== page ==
foo = bar # WRONG!  
foo = bar # WRONG!  
$ foo = bar # ABSOLUTELY WRONG!

 foo = bar # Right.

15. echo << EOF


Embedded documents are useful for embedding large blocks of text data in a script. When the interpreter encounters a similar construct, it directs the lines up to the specified marker (in this case - EOF ) to the input stream of the command. Unfortunately, echo does not accept data from STDIN.

 # Wrong:  
echo << EOF Hello world EOF

 # Right:  
cat << EOF Hello world EOF

16. su -c 'some command'


On Linux, this syntax is correct and will not cause an error. The problem is that on some systems (like FreeBSD or Solaris), the -c command argument su has a completely different purpose. In particular, in FreeBSD, the key -c indicates the class whose restrictions apply when the command is executed, and shell arguments must be specified after the name of the target user. If the username is missing, the option -c will refer to the su command, and not to the new shell. Therefore, it is recommended that you always specify the name of the target user, regardless of the system (who knows which platforms your scripts will run on ...):

 su root -c 'some command' # Correct.

17. cd / foo; bar


If you do not check the result of execution cd , in case of an error, the command bar may be executed in the wrong directory where the developer intended. This can lead to disaster if it bar contains something like rm * .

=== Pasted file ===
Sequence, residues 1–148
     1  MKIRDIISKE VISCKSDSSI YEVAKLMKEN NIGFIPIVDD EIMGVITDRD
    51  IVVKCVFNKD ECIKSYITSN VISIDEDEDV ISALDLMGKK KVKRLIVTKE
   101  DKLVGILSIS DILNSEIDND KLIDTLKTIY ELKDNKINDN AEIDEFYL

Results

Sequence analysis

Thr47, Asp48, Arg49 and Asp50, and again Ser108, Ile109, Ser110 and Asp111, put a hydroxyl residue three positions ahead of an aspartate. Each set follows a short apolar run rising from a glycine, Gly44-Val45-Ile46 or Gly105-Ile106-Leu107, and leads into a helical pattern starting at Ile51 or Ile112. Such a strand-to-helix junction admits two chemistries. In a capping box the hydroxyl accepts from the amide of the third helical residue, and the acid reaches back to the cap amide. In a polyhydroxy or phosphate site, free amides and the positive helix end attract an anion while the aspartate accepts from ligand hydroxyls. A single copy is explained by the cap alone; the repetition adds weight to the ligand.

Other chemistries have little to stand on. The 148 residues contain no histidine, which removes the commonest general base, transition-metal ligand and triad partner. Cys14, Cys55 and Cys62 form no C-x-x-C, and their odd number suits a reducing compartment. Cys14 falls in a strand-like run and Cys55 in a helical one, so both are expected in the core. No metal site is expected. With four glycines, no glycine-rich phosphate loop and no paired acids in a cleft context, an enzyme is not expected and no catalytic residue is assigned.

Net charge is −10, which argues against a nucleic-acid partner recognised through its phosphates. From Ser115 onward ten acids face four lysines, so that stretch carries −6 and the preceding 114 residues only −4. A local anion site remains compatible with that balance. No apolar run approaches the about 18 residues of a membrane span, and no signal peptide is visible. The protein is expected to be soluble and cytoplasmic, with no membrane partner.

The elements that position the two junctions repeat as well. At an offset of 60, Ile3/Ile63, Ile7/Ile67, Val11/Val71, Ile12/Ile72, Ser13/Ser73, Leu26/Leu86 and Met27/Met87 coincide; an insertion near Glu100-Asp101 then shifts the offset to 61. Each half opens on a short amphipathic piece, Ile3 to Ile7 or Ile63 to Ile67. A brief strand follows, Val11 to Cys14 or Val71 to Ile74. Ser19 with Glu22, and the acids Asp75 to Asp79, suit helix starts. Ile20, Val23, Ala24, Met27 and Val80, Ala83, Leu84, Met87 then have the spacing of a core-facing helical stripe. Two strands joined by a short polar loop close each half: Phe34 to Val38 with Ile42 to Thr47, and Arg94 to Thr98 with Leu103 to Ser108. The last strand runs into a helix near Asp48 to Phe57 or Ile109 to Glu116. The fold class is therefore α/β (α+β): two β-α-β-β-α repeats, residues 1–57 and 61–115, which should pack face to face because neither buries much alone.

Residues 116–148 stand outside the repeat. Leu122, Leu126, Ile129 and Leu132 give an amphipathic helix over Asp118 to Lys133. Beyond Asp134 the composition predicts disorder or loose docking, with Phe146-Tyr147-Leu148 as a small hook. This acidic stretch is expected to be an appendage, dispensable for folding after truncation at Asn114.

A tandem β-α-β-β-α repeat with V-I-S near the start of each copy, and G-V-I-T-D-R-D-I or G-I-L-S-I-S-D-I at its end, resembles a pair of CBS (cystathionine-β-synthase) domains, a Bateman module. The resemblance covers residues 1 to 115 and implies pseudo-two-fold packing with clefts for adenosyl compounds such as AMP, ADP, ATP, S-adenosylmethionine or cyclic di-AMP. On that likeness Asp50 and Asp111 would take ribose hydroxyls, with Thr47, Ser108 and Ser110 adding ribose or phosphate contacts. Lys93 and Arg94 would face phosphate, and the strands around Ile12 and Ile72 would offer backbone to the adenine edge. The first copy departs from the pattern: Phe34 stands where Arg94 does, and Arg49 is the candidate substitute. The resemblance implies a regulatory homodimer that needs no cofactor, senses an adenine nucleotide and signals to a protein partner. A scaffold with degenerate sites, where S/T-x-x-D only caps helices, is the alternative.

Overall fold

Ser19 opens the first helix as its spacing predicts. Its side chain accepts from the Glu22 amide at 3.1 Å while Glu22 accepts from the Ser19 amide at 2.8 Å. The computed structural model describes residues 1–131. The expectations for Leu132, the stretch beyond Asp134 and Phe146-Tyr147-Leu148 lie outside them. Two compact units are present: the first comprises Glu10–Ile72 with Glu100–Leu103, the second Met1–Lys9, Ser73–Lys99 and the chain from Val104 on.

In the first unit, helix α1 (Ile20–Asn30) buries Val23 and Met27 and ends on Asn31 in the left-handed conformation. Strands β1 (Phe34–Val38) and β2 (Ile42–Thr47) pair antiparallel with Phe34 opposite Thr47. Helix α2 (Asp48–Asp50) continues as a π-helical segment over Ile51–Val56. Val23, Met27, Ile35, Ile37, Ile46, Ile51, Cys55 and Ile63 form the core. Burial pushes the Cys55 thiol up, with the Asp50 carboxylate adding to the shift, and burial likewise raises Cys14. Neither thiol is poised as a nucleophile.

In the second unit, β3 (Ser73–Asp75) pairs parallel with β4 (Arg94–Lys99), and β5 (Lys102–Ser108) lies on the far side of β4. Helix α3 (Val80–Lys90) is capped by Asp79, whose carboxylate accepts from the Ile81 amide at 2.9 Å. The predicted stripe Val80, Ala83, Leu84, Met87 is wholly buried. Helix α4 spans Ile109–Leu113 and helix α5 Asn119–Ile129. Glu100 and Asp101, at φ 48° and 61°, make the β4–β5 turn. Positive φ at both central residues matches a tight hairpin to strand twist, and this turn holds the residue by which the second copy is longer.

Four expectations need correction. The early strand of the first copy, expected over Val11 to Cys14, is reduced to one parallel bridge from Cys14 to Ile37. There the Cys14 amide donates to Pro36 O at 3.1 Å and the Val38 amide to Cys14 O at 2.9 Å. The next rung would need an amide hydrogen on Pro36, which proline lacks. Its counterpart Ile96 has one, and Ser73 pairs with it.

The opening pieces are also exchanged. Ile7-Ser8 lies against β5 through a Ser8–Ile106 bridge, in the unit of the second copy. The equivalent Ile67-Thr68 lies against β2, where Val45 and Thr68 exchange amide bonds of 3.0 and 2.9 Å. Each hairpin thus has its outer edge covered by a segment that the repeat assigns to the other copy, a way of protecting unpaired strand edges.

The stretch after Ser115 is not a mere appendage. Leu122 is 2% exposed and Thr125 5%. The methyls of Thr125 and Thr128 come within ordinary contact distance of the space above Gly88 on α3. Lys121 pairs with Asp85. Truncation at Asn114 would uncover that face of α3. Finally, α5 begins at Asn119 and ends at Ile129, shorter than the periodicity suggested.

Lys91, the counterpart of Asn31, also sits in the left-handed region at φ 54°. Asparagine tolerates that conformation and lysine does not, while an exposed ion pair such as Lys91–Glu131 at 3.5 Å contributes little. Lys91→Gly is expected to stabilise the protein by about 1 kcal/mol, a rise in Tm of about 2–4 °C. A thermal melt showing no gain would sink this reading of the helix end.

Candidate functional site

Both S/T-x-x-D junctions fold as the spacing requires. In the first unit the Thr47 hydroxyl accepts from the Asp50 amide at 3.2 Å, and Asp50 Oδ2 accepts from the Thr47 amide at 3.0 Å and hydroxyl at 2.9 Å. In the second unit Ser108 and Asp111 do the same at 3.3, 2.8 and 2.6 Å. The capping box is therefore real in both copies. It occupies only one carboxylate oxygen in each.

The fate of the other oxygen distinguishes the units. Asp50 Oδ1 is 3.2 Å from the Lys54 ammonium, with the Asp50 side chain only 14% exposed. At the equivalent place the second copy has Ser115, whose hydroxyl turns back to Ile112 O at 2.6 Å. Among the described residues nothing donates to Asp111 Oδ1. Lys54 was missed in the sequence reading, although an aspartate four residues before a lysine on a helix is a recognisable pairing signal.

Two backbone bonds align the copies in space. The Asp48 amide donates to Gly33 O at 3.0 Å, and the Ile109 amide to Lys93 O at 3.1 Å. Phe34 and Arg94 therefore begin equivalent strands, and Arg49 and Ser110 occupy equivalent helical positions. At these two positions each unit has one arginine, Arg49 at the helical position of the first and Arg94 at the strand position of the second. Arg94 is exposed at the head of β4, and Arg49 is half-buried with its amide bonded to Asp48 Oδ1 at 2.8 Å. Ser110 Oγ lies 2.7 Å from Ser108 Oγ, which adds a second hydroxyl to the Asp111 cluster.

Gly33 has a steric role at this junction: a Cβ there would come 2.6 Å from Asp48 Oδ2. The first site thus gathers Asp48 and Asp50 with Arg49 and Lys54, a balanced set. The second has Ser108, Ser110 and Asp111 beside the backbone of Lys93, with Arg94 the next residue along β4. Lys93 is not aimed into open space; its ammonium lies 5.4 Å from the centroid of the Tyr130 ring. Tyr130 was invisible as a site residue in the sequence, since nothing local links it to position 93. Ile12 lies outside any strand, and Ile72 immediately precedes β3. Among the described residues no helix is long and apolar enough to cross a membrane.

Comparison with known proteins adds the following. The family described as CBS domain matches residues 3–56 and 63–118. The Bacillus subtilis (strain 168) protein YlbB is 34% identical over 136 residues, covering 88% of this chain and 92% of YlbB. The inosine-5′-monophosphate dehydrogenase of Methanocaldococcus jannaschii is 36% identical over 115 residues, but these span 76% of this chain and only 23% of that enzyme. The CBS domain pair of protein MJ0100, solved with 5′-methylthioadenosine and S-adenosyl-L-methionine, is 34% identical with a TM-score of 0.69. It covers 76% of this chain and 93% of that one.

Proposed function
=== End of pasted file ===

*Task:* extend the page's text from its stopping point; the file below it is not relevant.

Therefore, you should always check the return code for the cd command. The simplest way:

 cd / foo && bar

If cd is followed by more than one command, you can write this:

cd §foo || exit 1 bar  
baz  
bat ... # Lots of teams.

cd will report a directory change error message in stderr view bash: cd: /foo: No such file or directory . If you want to display your error message in stdout, you should use grouping of commands:

cd §net ||  {echo "Can't read / net. Make sure you've logged in to the Samba network, and try again.";   exit 1;  }  
do_stuff  
more_stuff

Note the space between { and echo , as well as the semicolon before the closing } .

Some add a command to the top of the script set -e so that their scripts are interrupted after each command that returns a non-zero value, but this trick should be used with great care, as many common commands can return a non-zero value as a simple warning message (warning), and it’s not necessary to consider errors such as critical.

By the way, if you work a lot with directories in a bash script, re-read man bash in the places related to commands pushd , popd and dirs . Maybe all your code, stuffed cd and pwd simply do not need :).

Let's get back to our sheep. Compare this snippet:

find ... -type d | while read subdir; do  
    cd "$ subdir" && whatever && ... && cd - done

with this:

find ... -type d | while read subdir; do  
    (cd "$ subdir" && whatever && ...) done

Forcing a subshell calls cd and subsequent commands to execute in a subshell; in the next iteration of the cycle, we will return to the initial location, regardless of whether the directory change was successful or if it ended with an error. We do not need to return manually.

In addition, the penultimate example contains another error: if one of the commands whatever fails, we may not go back to the initial directory. To fix this without using a sub-shell, at the end of each iteration you will have to do something like this cd "$ORIGINAL_DIR" , and this will add a little more confusion to your scripts.